Sport Climbing Gear: Rope
You’ll need a ‘single-rated’ rope for sport climbing. They are marked with a '1' symbol at the end of the rope. A 70m length with a diameter of between 9.8 – 10.2mm will suit most beginners and last well into your climbing career.
There are many factors to consider when buying a rope (such as dry treatment, maximum impact force and whether you will use it for other disciplines of climbing).
Learn which climbing rope is right for you.
Sport Climbing Gear: Quickdraws
Any type of quickdraw will work, though ‘sport-specific’ draws are often lighter. They also usually have a bent-gate carabiner at the rope-end which is held in place by a piece of rubber. This makes the draw more rigid, and quicker to use.
Quickdraws with ‘keylock’ gates are less likely to get stuck on bolts when cleaning.
10-12 quickdraws will be enough for most routes. For longer routes, you may need 15 or more.
It’s also useful to have a few extendable quickdraws for bolts which are far to one side or underneath a roof.
Sport Climbing Gear: Harness
Sport climbing harnesses are built to be light. To save weight, they have minimal gear loops and padding.
If you plan to use your harness for trad climbing too, you should consider getting an all-round harness which has more gear loops and a padded waist belt.
Learn how to choose a climbing harness.
Sport Climbing Gear: Belay Device
Sport climbers usually belay with an ‘assisted-braking’ belay device such as the Petzl GriGri. If the rope moves quickly through the device (e.g. if a climber falls) a cam inside it rotates and pinches the rope. This makes it easier to hold the fall.
You can also belay with a standard ATC.
Sport Climbing Gear: Anchor Kit
Sport Climbing Gear: Helmet
At many sport crags, it is rare to see anyone wearing a helmet. The main reason is that sport crags tend to be overhanging, making both the leader and belayer safely sheltered from rockfall. Although it’s possible to injure your head in a leader fall, this rarely happens on steep, overhanging rock because the leader will fall into ‘space’.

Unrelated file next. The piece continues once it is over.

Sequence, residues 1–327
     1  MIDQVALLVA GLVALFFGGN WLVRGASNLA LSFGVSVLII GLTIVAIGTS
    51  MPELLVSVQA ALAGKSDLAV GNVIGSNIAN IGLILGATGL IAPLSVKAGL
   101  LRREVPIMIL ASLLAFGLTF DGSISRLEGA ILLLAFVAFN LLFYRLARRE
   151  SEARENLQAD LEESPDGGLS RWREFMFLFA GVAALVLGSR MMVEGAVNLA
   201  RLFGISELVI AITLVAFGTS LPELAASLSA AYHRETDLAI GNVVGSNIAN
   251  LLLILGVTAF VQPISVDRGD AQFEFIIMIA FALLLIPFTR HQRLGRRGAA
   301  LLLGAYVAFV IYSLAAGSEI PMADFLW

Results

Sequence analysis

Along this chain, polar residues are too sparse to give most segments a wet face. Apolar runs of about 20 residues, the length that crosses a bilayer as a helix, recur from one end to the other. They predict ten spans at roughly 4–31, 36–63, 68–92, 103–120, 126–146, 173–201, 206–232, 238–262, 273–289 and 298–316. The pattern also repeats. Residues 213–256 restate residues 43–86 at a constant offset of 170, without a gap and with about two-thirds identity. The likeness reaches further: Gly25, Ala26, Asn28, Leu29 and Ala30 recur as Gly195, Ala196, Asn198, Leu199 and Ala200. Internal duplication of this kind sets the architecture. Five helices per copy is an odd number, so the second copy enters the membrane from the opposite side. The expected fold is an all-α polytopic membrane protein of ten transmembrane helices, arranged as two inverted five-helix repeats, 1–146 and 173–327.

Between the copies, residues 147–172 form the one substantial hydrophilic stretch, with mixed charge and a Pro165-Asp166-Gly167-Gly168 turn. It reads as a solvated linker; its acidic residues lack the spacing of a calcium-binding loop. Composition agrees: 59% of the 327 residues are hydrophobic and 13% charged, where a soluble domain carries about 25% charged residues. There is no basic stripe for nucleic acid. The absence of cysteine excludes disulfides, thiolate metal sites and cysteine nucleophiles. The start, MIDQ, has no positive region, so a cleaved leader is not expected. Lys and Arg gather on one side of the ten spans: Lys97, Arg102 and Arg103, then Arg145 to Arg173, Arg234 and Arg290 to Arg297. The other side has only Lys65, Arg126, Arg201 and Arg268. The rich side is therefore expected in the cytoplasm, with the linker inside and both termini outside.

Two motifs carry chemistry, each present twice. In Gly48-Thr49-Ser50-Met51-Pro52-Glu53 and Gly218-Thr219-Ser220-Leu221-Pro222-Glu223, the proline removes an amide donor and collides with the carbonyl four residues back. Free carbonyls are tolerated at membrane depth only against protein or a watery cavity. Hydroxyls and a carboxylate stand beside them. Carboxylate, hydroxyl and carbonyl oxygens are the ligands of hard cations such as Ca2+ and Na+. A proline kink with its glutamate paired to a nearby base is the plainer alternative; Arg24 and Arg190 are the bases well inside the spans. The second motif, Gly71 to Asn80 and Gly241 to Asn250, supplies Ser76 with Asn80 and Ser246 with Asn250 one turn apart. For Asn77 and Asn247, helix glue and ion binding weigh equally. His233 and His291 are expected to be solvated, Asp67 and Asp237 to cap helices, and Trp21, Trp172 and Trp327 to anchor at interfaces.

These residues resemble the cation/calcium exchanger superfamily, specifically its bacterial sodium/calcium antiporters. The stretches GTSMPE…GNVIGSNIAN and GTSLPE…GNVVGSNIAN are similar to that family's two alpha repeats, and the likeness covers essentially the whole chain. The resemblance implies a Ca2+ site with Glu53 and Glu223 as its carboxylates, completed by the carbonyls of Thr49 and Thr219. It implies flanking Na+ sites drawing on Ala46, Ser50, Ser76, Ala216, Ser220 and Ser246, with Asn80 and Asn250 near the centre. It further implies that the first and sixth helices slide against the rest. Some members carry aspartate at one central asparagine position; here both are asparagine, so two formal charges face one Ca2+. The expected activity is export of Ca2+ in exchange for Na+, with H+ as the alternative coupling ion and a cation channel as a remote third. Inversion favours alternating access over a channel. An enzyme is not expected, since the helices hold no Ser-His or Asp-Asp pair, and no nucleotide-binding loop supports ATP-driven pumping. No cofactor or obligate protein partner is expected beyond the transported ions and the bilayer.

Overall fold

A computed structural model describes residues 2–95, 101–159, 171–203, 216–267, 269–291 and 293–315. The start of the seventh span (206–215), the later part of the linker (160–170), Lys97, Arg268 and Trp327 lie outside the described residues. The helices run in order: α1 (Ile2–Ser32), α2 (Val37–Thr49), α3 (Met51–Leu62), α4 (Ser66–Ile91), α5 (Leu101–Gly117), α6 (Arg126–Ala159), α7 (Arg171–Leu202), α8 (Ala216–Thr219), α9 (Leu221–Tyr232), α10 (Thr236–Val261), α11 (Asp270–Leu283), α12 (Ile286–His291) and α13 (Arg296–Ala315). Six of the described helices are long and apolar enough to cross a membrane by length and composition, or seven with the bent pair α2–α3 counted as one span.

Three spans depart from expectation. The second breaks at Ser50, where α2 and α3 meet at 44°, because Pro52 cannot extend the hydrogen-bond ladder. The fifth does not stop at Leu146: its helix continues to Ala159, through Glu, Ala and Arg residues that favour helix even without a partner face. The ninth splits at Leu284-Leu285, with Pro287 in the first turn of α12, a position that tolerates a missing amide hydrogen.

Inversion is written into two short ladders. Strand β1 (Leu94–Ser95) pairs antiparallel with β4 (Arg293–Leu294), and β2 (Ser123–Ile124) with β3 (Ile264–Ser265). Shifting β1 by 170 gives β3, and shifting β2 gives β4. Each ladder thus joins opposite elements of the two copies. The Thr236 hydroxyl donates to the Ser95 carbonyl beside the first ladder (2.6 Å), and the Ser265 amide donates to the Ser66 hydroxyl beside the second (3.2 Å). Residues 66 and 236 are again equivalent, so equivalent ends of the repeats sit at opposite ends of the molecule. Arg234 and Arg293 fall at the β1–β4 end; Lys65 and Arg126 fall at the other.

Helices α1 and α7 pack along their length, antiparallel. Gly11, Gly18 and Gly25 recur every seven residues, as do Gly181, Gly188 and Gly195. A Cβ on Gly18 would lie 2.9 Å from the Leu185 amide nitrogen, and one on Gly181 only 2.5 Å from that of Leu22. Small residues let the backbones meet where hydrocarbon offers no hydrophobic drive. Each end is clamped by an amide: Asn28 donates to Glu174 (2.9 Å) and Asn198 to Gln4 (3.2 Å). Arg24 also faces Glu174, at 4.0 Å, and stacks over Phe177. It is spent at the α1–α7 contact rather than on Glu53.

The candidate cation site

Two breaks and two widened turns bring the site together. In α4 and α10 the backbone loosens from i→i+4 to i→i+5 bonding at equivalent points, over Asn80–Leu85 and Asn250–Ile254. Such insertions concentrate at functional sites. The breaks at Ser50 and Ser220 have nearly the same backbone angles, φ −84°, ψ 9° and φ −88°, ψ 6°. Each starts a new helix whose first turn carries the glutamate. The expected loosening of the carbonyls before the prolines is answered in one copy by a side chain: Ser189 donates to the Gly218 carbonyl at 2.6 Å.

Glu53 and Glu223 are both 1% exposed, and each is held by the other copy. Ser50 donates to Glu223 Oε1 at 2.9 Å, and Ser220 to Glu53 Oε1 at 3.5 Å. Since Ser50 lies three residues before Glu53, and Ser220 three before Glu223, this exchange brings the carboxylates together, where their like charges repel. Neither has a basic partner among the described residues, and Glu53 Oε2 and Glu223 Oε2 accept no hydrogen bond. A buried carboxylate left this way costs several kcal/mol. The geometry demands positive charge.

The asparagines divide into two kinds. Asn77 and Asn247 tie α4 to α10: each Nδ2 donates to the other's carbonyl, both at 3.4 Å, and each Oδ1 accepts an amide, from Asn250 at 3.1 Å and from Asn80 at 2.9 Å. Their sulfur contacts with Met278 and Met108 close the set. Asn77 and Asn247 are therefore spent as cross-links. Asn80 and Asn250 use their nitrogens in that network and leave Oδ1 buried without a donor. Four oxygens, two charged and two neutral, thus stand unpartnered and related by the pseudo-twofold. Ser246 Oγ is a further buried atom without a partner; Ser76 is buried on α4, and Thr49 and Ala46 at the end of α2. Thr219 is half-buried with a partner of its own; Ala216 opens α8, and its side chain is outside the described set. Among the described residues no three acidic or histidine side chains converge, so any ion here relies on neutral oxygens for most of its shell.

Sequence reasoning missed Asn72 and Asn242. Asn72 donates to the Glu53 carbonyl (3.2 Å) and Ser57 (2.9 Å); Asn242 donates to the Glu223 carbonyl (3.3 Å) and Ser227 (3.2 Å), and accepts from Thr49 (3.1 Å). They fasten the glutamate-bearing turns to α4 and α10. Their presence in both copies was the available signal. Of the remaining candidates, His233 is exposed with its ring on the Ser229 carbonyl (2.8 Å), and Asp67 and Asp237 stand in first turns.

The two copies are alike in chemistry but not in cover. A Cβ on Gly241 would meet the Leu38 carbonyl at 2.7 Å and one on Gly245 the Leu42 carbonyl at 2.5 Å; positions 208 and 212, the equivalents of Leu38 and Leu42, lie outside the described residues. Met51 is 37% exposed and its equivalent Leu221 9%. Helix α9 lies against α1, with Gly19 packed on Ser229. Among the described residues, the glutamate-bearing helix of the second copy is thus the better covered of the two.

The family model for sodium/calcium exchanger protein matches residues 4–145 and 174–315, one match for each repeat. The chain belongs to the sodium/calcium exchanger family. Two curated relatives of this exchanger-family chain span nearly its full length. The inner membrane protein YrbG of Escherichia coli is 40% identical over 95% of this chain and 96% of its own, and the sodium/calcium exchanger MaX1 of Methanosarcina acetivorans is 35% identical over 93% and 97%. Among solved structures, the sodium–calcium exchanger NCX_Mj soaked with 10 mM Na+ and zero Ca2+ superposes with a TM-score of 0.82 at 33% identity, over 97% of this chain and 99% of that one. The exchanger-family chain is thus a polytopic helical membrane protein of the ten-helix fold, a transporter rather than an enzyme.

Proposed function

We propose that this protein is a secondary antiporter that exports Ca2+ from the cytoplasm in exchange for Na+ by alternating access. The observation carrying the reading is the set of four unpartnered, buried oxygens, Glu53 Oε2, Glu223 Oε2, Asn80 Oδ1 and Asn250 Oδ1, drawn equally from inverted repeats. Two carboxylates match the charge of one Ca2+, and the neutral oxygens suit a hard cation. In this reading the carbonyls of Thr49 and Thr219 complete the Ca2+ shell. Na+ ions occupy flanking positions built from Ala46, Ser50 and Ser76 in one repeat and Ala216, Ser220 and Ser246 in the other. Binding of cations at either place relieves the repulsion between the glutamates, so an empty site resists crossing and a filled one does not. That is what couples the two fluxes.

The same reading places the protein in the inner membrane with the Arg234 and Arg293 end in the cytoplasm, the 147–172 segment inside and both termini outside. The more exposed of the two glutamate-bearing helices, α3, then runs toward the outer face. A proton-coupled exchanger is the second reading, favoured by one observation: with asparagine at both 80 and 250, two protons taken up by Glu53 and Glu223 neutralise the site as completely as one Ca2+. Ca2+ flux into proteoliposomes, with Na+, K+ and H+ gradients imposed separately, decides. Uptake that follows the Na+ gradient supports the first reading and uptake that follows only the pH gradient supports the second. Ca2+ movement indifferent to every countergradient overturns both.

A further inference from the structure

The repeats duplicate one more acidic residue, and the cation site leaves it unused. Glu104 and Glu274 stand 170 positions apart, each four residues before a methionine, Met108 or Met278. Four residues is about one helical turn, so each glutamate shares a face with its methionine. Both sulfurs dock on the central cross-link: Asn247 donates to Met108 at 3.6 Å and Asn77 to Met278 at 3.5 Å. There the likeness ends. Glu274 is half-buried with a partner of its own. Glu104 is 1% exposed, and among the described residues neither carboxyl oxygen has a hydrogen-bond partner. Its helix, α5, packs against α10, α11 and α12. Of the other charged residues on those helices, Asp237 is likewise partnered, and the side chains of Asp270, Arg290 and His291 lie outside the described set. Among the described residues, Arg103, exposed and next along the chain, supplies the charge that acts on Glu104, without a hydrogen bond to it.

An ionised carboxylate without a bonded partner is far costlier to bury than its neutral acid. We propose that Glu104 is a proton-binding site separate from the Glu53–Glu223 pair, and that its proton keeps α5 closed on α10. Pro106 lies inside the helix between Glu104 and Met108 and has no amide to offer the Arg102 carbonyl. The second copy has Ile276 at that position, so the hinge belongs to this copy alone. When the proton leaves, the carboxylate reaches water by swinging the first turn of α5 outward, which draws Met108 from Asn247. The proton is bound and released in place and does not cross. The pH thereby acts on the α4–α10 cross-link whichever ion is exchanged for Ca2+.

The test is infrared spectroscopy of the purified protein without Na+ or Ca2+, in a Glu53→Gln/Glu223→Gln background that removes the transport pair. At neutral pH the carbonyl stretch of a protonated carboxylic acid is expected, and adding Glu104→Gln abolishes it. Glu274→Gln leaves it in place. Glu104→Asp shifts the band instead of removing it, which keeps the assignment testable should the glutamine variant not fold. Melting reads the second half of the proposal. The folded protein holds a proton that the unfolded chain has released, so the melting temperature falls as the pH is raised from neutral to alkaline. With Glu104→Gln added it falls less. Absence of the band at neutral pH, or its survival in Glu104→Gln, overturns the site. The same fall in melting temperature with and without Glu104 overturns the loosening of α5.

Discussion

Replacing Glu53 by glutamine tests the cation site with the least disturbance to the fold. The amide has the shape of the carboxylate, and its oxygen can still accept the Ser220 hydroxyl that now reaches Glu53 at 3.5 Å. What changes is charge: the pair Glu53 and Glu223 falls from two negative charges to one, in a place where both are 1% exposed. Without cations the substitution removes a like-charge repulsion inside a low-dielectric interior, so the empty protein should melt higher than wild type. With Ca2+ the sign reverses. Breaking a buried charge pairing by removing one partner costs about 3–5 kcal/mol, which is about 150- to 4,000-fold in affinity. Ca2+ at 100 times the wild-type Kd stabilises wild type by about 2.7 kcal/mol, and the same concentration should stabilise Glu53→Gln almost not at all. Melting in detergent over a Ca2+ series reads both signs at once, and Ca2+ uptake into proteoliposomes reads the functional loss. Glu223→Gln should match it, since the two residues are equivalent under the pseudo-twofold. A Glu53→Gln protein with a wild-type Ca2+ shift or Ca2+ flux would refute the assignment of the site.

However, you should wear a helmet at a sport crag if:
- There are any signs of loose rock above
- There are people directly above you (e.g: on a multi-pitch)
- You are leading a vertical or slabby route
In these cases, it is better to be safe than fashionable.
Learn more about helmets.
Sport Climbing Gear: Shoes
For beginners, the right climbing shoe is one that fits your foot and your wallet the best. Look for discounts, and get a general use shoe. A beginner with sloppy foot technique will wear out this first pair of shoes fast.
For your second pair of shoes, it largely depends on what type of climbing you will be doing.
For slabs, a shoe with a soft sole and a low-cut upper works well. For steep routes, you’ll be better with a tight-fitting shoe that has a pointy toe, good lateral support and a very low-cut upper for ankle flexibility.
Different brands favour a wider or narrower foot, so make sure to try them on before you buy. Only shop online if you’re certain which type and size you need.
Whichever shoes you get, your foot should not rotate, nor should your toes be painfully crushed up in the toe-box. A good fitting shoe is more important than one designed for the style of climbing you want to do.
Remember to air your shoes out after use and store them in a cool, dry place.
Sport Climbing Gear: Chalk
Chalk soaks up finger and hand sweat, therefore increasing your grip on the rock.
However, too much chalk on holds can actually make them less grippy. Many climbers carry a brush to scrub these holds clean.
An excessively chalked route can be an eyesore. It also reveals all the key holds, making the route much less exploratory for the next climbers.
Rain usually cleans away chalk marks from exposed rock. But overhanging routes tend to stay sheltered and so the chalk remains through all but the windiest storms. In some areas, you must use specific rock-coloured chalk. Consider your impact on the environment before you ‘chalk up’.
Used Sport Climbing Gear
You'll probably begin climbing using other people's gear but at some point you’ll have to invest in your own.
If your life depends on it (e.g: ropes, harness, carabiners), you should buy it new. If it doesn’t (e.g: shoes, chalk bags) you can save money by getting used gear.
With your own gear, you will know the history of it and therefore know it's reliability.